Uber is not all it is Cracked up to be
If you are a professional driver who is considering a job driving with Uber, there are some things you need to know. Do not be fooled by their deceptive and sometimes downright dishonest, claims about the benefits of joining Uber. Ads in most major cities are claiming incomes of $1000 per week, while in reality Uber drivers are earning less than half that amount even working 50-60 hrs. per week. The Uber concept is good for the consumer, great for Uber, and horrible for the driver.
In an article that appeared recently in Business Insider , the author interviewed several Uber drivers and they uniformly stated that they have never come close to earning what Uber ads claim, and that earnings have been steadily decreasing for some time now because Uber has flooded the market in most major cities resulting in less than 50% occupancy for most Uber drivers. Not a single driver reported making anywhere near $1000 a week after subtracting gas cost and fees paid by the driver, and of course after Uber takes their 20% right off the top. Add to this the wear and tear on your vehicle and it turns out the driving for Uber pays significantly less than driving for a conventional cab company.
Uber also employs a bait and switch tactic when trying to attract new drivers; In LA, for instance Ubert started out with a $2.50/mile rate that attracted many new drivers, since at $2.50/ mile the drivers could earn a living without working a ridiculous number of hours. Once the needed drivers were hired, Uber dropped the rate to a measly $1.10 per mile, not enough to make a living no matter how many hours the driver works. The chart below shows how Uber empoloyed the same tactic in NJ:
Original Price Summer 2014 Price Fall 2014 Price
$2.25/mile $1.90/mile $1.64/mile
$0.30/minute $0.20/minute $0.20/minute
$3.00 base $3.00 base $2.00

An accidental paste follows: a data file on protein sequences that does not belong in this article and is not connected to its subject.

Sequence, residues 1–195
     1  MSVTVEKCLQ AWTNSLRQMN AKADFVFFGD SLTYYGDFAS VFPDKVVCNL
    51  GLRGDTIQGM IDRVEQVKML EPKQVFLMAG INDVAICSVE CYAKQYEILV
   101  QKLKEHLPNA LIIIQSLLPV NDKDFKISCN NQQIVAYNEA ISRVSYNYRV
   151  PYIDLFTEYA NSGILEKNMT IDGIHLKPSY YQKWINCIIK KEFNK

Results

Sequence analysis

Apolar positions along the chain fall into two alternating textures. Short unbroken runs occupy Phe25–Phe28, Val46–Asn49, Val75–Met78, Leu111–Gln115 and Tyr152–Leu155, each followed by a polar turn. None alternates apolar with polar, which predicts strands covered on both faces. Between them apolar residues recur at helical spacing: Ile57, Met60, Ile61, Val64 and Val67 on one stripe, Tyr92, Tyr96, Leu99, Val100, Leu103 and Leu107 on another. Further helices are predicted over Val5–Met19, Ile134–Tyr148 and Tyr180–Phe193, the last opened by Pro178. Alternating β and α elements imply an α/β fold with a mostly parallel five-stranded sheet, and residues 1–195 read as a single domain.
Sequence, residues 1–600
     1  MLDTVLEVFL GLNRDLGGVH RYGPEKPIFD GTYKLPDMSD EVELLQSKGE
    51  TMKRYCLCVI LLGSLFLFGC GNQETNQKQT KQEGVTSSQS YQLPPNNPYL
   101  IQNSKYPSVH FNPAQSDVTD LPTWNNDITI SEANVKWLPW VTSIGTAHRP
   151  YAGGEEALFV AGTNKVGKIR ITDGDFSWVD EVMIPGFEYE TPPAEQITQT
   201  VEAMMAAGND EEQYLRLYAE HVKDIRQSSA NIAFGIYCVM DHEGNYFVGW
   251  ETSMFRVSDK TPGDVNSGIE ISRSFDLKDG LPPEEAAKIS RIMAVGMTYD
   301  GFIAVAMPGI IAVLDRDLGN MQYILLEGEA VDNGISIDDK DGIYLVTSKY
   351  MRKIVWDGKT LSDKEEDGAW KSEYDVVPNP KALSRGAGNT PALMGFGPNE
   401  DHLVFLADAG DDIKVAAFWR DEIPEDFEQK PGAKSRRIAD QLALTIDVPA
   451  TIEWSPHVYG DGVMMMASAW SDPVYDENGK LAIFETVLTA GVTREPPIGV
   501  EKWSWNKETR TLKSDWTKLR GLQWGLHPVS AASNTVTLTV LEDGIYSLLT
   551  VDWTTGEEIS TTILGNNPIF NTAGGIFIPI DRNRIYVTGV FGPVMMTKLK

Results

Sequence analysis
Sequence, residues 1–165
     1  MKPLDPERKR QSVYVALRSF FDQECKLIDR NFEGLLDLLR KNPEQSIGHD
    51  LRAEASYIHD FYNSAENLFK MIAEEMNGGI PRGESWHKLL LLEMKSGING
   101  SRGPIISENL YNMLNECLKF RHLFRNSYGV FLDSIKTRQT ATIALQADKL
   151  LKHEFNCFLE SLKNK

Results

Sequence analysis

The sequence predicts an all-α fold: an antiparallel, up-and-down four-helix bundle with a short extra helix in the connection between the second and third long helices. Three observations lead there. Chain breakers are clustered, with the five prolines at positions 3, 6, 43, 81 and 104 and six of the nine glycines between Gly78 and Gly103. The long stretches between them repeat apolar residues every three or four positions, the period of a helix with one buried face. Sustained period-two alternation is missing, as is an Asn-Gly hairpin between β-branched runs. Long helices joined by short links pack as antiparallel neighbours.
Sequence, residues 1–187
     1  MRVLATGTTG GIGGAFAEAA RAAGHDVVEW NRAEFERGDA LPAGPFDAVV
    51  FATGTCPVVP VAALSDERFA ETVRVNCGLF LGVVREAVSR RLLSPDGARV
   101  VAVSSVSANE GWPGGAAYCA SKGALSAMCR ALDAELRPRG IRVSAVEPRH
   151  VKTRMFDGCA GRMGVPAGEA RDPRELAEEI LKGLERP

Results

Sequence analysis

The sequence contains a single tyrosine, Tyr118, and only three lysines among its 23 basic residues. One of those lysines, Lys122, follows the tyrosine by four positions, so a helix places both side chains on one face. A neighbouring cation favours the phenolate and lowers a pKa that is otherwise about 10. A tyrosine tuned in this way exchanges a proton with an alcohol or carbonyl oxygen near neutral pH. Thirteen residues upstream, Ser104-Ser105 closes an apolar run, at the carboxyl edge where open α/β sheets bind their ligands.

$7.00 minimum $7.00 minimum $6.00 minimum
As this chart shows, Uber started out advertising reasonable rates that would provide a full time driver with a reasonable living, and within the space of a few months dropped the rates so that the same driver working the same hours would make 28% less; Thus a driver making $50,000/yr gross to begin with would make only $36,000/yr after the rates were lowered.
Another move by Uber to attract more business was to cut rates in major markets to well below -market levels, attracting new traffic (which Uber profits from) while forcing drivers to drive longer hours at the reduced fares to make the same amount of money. Once again, Uber wins, the consumer wins, and the drivers lose.
It is also worth noting that Uber discourages tipping, and didn’t even include the tipping option in the app until very recently. That is because tipping doesn’t benefit Uber, and by not encouraging tipping the service appears more economical to the consumer.
Probably the best indicator of how Uber views their drivers is the fact that they try to convince their drivers that all of their sleight of hand concerning rates, fares, and commissions is actually in the driver’s best interests. Not only do they brazenly exploit the very drivers who have made them rich, but they treat them as if they are ignorant fools who will believe the wild claims that Uber has been making a standard component of their business model. Compare this shady way of doing things with the legal, moral, and business philosophy of the traditional cab company or limo service, and I think you will agree that there really is no comparison at all.
This is also true when it comes to vehicle maintenance and replacement costs since with the legal cab company the driver does not incur any repair or replacement bills like the Uber driver will encounter as his car ages rapidly from the grueling regimen a commercial car endures. The expense of having to purchase a replacement vehicle is enough to put most single car Uber drivers out of business, or at best deeply in the red for a considerable time.
After taking all of these factors into consideration, it becomes clear that driving for Uber has absolutely no advantages over driving for a traditional, legal, cab company. The cab company’s rate ( currently around $2.40/mile in most urban markets) is not going to fluctuate wildly. This provides the driver with a stable income allowing them to make future financial plans with a reasonable amount of confidence that their incomes will remain stable moving forward. The cab company is unlikely to flood the market with excessive cars/drivers as has been the case with UBer in several locations. The bottom line is that Uber does not live up to it’s claims and there is more money and more security driving for a legitimate, legal cab company.
Request your local Uber drivers in Tampa, Miami, Orlando, St. Petersburg, Clearwater, Sarasota, Jacksonville, Ocala, Naples, Gainesville, Tallahassee, Fort Lauderdale, Cape Coral and ask how much money they really make......